- Background Information
- Collaborative Team Process
- Student Observations and Trials
- Recommendations to PPT/IEP Team
Assessment should be conducted by a team with the collective knowledge and skills needed to determine possible assistive technology solutions that address the needs and abilities of the child in his or her natural environment. Besides the early intervention providers, inclusion of parents and caregivers from other settings on the assessment team is highly encouraged.
The assessment should focus on what the student needs to do that he or she is not currently doing within the school, routines of the family and those that are a priority for the family. Assessments should be based on the child’s developmental performance in his or her customary environment such as the school, home and community. Finally, assessment should take into account what AT has been tried or is currently being used. Consider or reflect on what is working and what is not.
Following the consideration of AT within the development of the student’s IEP, an evaluation may be needed to determine the potential AT tools required to meet the identified student need. As such, an AT evaluation should not be completed as a component of an initial evaluation to determine student eligibility for special education. Rather, once a student’s eligibility has been determined, the PPT/IEP team should consider AT and may recommend an AT evaluation when necessary. The quality indicators for assessment of AT needs provide ways to guide and evaluate the PPT/IEP team through the processes of evaluation that schools and districts can follow (appendix 1, appendix 2, appendix 3).
Once consent has been obtained, the student’s educational team may begin to explore the continuum of AT (from low- to high-tech) with consideration of the usefulness of devices. If the AT evaluation continues to be considered necessary, it should occur within a reasonable timeline (unless a specific timeline has been identified in the IEP). As part of the pre-evaluation activities, the student’s educational team may continue to complete the necessary referral information to guide the evaluation process to include critical components of the indicators that the team has used in the consideration process to include all previous attempts around meeting the student’s needs.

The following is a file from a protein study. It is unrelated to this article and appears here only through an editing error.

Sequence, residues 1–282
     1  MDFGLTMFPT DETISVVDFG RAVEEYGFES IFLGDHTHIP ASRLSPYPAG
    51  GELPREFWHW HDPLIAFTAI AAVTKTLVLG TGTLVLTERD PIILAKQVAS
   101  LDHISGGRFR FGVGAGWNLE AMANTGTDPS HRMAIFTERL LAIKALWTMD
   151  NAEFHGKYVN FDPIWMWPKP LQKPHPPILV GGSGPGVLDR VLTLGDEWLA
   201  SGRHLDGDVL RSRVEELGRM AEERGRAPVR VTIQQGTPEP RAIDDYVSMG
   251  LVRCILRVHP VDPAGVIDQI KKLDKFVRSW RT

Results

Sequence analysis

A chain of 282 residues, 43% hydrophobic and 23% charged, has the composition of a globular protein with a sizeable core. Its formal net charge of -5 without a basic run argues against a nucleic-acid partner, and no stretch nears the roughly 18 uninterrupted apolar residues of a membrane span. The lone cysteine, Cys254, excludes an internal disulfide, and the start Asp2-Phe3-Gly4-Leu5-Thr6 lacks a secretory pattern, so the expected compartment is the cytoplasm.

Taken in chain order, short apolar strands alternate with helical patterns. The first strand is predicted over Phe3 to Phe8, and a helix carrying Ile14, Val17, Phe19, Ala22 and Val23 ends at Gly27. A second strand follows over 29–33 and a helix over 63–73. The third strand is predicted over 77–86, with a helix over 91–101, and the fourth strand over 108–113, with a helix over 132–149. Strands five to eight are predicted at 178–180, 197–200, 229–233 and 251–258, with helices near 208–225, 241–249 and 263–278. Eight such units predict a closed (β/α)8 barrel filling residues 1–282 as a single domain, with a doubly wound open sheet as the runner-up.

To adequately assess the needs of a student, the pre-evaluation activities also include the collecting of background information. This information should be compiled collaboratively by the student’s multidisciplinary team, which includes the student and his or her family. Common items in the background information include, but are not limited to:
- Demographic information.
- Key referral questions—specific questions to be answered by the evaluation.
- Relevant medical information and considerations.
- Results of recent education evaluations.
- History of past and current
- How long the AT has been/was used?
- Was the use of the AT successful?
- If no longer being used, why was use discontinued?
- Assessment of gross and fine motor skills.
- Assessment of communication.
- Sensorimotor functioning in:
- visual skills;
- hearing; and
- perceptual motor skills.
- Educational skill levels:
- organization; and
- processing skills.
- Current computer usage and skills.
- Student’s learning style and preferences.
- Work samples relevant to the key referral question.
Once the background information has been gathered, the AT evaluation process should continue with a consultation with/between the multidisciplinary team, including the parents and student; a review of additional educational records as appropriate; observations of the student in his or her customary environments; trials of potential AT with the student; and a written report for the PPT/IEP team to review.